Identification of recombinant antibodies against multiple distinct toll-like receptors by homolog mining a single immune scFv phage library.

Journal Article (Journal Article)

The generation of recombinant single-chain antibodies from either non-immune or immune phage display antibody libraries is an effective means to obtain high affinity antibodies against a specific target. Non-immune libraries contain a wide variety of antibodies but these are often low affinity. Immune libraries contain a high frequency of high affinity antibodies, but are typically limited to a single antigen. Due to the V(H) and V(L) recombination that occurs during antibody library construction, we hypothesized that an immune antibody library produced against one member of a protein family would contain antibodies specific for other members of the same protein family. Here, we tested this hypothesis by mining an existing anti-human Toll-like receptor-2 (hTLR2) antibody library for antibodies specific for other members of the TLR family. This procedure, referred to as homolog mining, proved to be effective. Using a cell-based system to pan and screen the anti-TLR2 library, we identified single chain antibodies specific for three of the four hTLR2 homologs we targeted. The antibodies identified, anti-murine TLR2, anti-hTLR5, and anti-hTLR6, bind specifically to their target, with no cross-reactivity to hTLR2 or other TLRs tested. These results demonstrate that combinatorial re-assortment of V(H) and V(L) fragments from multiple sources during Ab library construction increases Ab repertoire complexity, allowing antibody libraries produced by immunization with one antigen to be used to obtain antibodies specific to related antigens. The principle of homolog mining may be extended to other protein families and will facilitate and accelerate antibody production processes.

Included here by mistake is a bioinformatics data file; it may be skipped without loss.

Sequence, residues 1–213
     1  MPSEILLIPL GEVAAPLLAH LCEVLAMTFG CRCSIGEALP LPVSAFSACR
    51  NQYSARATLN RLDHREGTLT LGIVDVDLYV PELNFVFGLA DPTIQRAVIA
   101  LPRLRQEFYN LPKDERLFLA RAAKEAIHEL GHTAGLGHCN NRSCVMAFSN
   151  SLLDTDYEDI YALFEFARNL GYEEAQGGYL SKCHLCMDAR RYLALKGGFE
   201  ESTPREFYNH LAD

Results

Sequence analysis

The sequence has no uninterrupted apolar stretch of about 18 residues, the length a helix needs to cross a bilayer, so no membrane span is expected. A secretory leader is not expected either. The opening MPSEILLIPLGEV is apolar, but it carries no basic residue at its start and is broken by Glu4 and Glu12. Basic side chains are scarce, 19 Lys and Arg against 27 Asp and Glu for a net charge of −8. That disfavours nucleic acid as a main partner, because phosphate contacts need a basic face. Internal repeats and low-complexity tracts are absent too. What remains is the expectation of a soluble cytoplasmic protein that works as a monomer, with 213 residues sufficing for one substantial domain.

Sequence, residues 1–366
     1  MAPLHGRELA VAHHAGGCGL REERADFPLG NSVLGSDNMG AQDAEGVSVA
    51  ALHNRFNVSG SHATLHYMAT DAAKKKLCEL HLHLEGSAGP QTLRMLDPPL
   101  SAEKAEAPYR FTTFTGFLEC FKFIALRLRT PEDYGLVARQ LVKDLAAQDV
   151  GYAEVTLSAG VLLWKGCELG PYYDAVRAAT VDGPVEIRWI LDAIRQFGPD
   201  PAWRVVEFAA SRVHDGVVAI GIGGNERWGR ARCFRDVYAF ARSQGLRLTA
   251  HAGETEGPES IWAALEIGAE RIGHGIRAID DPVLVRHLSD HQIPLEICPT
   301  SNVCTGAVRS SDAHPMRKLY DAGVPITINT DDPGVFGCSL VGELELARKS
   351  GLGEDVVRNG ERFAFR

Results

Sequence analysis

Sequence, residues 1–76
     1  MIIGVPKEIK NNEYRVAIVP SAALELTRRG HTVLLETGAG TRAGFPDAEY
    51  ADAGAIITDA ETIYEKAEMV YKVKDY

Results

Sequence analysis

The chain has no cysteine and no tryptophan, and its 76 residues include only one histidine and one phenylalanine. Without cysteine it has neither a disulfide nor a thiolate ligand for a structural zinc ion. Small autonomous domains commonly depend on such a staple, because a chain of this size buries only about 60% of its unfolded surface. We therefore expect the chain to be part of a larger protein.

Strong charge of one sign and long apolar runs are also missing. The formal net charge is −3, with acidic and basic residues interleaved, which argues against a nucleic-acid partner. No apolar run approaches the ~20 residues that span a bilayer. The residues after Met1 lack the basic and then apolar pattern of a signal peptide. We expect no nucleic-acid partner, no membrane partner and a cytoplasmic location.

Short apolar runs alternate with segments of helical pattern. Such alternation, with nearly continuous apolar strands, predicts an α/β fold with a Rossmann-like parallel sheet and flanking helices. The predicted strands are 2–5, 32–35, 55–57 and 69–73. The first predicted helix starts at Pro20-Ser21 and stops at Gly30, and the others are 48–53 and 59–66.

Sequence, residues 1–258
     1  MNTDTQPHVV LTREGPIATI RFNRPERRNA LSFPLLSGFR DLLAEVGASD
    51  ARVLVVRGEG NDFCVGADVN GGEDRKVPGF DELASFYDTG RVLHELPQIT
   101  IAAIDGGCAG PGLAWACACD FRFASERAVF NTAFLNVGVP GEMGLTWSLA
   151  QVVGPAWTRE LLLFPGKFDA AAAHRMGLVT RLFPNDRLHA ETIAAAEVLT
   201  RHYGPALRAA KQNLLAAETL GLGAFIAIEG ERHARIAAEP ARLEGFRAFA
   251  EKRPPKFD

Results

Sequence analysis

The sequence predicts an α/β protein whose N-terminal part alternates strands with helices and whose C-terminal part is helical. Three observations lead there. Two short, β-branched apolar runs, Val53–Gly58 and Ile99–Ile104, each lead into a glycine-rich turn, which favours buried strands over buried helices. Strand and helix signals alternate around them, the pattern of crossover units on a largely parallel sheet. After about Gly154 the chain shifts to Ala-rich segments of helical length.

Full Text

Duke Authors

Cited Authors

  • Chen, Y-H; Lipes, BD; Kenan, DJ; Staats, HF; Gunn, MD

Published Date

  • January 30, 2009

Published In

Volume / Issue

  • 340 / 2

Start / End Page

  • 144 - 153

PubMed ID

  • 19017532

Pubmed Central ID

  • PMC3658310

International Standard Serial Number (ISSN)

  • 0022-1759

Digital Object Identifier (DOI)

  • 10.1016/j.jim.2008.10.013


  • eng

Conference Location

  • Netherlands